OpenAI’s Altman-firing hallucination

November 24th, 2023

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And we’re back. Happy Black Friday, FutureParty people. You may have noticed that we took a small break yesterday, but tbh, we probably should’ve skipped today, too. The tryptophan struggle is real. Anyways, how was everyone’s Turkey Day? Filled with delicious food and awkward family conversations, we hope. It wouldn’t be a proper Thanksgiving without them.

In other news… OpenAI sikes out Silicon Valley, film fans just can’t get enough of Letterboxd, and climate change takes a bite out of our food supply.

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C-suite reboot // Illustration by Kate Walker

OpenAI brings back Sam Altman to save itself

The Future. OpenAI has given Silicon Valley major whiplash with the reinstatement of Sam Altman — sacrificing its safety-focused board to keep the company alive. But the issue of the original fault lines between Altman and co-founder, chief scientist, and former board member Ilya Sutskever still likely remains (even if Sutskever has recanted his opposition). The future of the public’s confidence in OpenAI may rest in whether the disagreement between business development and societal safety can be addressed… transparently.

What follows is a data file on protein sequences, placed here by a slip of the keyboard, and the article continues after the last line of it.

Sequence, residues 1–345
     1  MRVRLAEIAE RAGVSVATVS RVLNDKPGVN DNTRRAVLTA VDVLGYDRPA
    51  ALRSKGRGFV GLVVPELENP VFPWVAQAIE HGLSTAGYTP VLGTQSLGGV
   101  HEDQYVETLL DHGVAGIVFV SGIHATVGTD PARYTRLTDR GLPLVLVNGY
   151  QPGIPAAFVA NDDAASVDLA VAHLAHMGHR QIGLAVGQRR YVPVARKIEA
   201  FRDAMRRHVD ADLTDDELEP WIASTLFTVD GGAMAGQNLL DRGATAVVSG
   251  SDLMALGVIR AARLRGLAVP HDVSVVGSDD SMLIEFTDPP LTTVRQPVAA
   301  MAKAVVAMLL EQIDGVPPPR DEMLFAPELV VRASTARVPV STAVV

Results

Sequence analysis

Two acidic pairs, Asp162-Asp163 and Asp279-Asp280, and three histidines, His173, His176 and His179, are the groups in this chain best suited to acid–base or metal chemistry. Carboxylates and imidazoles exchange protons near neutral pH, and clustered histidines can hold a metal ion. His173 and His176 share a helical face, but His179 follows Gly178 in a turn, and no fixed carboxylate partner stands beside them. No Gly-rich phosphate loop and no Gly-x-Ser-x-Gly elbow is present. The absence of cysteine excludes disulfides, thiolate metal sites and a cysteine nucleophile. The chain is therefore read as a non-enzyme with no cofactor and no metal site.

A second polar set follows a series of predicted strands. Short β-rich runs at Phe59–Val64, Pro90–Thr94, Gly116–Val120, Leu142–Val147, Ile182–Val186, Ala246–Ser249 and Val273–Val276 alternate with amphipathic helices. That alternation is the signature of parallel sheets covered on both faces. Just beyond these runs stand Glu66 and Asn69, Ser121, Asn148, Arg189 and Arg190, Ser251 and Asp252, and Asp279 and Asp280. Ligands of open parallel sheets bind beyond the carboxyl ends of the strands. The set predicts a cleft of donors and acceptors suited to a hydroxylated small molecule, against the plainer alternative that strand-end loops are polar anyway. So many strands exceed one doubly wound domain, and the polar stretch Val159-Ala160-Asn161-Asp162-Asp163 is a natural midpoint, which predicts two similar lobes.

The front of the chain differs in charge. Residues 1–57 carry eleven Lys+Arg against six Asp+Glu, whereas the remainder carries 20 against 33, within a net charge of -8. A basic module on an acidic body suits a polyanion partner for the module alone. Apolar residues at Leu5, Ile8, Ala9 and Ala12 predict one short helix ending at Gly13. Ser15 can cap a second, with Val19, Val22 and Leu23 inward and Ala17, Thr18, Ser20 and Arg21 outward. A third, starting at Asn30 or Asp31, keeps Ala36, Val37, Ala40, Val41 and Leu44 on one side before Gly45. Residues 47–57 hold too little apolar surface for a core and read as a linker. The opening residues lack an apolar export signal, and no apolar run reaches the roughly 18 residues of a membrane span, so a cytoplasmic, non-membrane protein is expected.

Lol never mind
After five days that felt like five years, Sam Altman is back as CEO of OpenAI… but with some major changes at the firm.

  • The entire original board has agreed to resign (except for Quora CEO Adam D’Angelo), replaced by former Salesforce co-CEO Bret Taylor and former US Treasury secretary Larry Summers… with room for six additional members.

  • The compromise rids the unique non-profit/profit organization of the board members that Altman reportedly felt were “overly concerned with safety,” per WSJ, while keeping OpenAI president (and Altman-ally) Greg Brockman off the board as well.

  • Additionally, both sides have agreed to an independent investigation into why Altman was fired — something that’s vexed employees, Silicon Valley, and government regulators, especially as the original board declined to give specifics.

  • And although Microsoft offered Altman, Brockman, and anyone at OpenAI the option to start a new AI firm with its backing, CEO Satya Nadella is still a winner — he pushed for Altman to be reinstated, protected his investment, and will likely land a board seat.

OpenAI’s fortunes are already righting — investors are satisfied, clients are mostly done inquiring about taking their business to rivals, and the 95% of employees who vowed to defect if Altman wasn’t reinstated are staying put (ensuring the company doesn’t collapse). Heck, even the employee-share sale led by Thrive Capital, valuing the firm at $86 billion, is back on track

Years from now, this whole ordeal may either feel like one of ChatGPT’s infamous hallucinations… or a canary in a coal mine for OpenAI’s best intentions to police itself failing to overcome the power of ambition.